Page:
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The first Victoria Cross of WWII was awarded to a banker who pioneered triathlon with sprinting, bombs and wheelbarrows

Sam Dickson

The Victoria Cross is the highest honor in the United Kingdom given to members of the British armed forces. The first man to receive it in WWII was a banker who dreamed of becoming a seaman officer.

Richard Wallace Annand was born in South Shields, England, in 1914. His father, a lieutenant commander in the Royal Navy, died in combat a year later. After finishing school time, for a brief period, Annand worked as a banker. But his dream was to follow his father’s footsteps.

In 1933, he joined the Royal Navy Volunteer Reserve. Three years later he was promoted to Sub-Lieutenant, completing both a navigation and a gunnery course. The following year, this 23-years-old volunteer applied for a regular post in the Royal Army but was offered only an administrative position due to his young age. He declined, believing that he already wasted enough time behind a desk.

Lt Richard Annand. Source

At the beginning of 1938, Annand was successfully commissioned as a Second Lieutenant of the Durham Light Infantry. Two years later, he found himself surrounded by Belgian forest scenery – as part of DLI’s 2nd Battalion. On 12 May, they set up headquarters at La Tombe and split into four companies, in order to secure their position.

Richard Annand was part of the D company, tasked with guarding a strategically important bridge across the River Dyle. On 14 May, the first retreating Belgian and French forces and refugees were crossing the bridge when C section’s patrol notified them of an incoming German attack. They managed to halt the attack long enough to withdraw and blow up the bridge.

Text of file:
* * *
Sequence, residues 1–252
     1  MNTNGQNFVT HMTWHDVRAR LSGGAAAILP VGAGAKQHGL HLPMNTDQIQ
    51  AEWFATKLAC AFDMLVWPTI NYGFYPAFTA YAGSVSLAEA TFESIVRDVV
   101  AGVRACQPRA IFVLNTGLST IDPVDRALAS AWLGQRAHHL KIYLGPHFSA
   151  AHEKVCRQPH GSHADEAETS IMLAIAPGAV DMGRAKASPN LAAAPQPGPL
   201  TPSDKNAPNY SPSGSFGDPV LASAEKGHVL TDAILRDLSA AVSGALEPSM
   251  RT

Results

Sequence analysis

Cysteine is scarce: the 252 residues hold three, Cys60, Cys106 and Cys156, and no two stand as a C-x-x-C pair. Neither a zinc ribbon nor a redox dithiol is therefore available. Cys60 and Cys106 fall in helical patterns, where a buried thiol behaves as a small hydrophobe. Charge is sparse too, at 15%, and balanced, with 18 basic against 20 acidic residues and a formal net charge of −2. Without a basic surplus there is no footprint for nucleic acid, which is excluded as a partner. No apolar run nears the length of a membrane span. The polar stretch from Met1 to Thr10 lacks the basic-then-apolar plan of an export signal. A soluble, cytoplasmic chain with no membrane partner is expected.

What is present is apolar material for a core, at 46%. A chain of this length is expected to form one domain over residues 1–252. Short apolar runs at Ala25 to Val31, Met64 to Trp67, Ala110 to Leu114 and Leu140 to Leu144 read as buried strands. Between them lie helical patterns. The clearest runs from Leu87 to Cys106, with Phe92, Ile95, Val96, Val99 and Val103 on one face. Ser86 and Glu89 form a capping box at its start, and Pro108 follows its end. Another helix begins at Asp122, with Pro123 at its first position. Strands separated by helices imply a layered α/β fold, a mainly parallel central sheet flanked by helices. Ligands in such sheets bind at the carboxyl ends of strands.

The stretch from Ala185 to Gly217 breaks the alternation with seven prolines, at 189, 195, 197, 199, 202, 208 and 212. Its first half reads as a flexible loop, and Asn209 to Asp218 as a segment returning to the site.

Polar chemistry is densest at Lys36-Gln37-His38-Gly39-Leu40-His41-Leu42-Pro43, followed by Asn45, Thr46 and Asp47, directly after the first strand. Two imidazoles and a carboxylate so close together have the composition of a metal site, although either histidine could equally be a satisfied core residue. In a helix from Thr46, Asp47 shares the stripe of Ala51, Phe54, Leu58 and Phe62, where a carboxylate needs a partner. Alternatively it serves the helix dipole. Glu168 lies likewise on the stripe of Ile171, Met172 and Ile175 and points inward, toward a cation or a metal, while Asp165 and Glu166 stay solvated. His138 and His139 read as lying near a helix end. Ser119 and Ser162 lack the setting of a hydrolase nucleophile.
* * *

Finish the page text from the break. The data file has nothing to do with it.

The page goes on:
The next morning, Nazis were advancing rapidly, and covered by heavy mortar fire they managed to cross the shallow river. DLI forces fought back but found themselves in an increasingly desperate situation. That is until Annand decided to go beyond what was expected of him. He rushed into the platoon sergeant’s headquarters, demanding a box of hand grenades.

He ran through the barrage fire, reached the top of the bridge and showered the Germans with grenades. When he ran out of bombs, he went back for more. His second attempt proved even more successful, but also got him wounded. German advancement was obstructed, and he got his injuries treated.

The following evening, another attack ensued. Annand repeated his stunt, even more successfully than before. Nevertheless, news broke out that the Germans broke through some other positions and everyone was forced to retreat. But when Annand’s platoon started to withdraw, he learned that his batman was left behind, wounded.

Annand runs back and founds him, loads him on a wheelbarrow and hurries back to safety. On the way to meet their platoon, he found his route jammed by a fallen tree. His yesterday’s wounds open and bleeding, Annand was unable to lift his comrade over the fallen tree and eventually set off to look for assistance. Weak from loss of blood, he collapsed on the way. His troops found him and evacuated him.

A list of the Durham Light Infantry's VC holders. Source
A list of the Durham Light Infantry’s VC holders. Source

Annand was taken back to Britain, where he underwent the treatment. Unfortunately, he ended up being permanently hearing disabled. On 3 September 1940, King George VI awarded him the Victoria Cross, for his bravery in fighting the enemy and his rescue attempt. Until the end of the war, he served on British soil.

In 1948, he was promoted to Captain, but at the end of the same year, he retired due to disability. The rest of his life he spent engaged with various initiatives for helping the disabled. He was among the founding members of the British Association of the Hard of Hearing. His contemporaries remember him as a kind man with boyish charm, who never bragged about his achievements. He died aged 90.

Sam Dickson

Sam Dickson is one of the authors writing for The Vintage News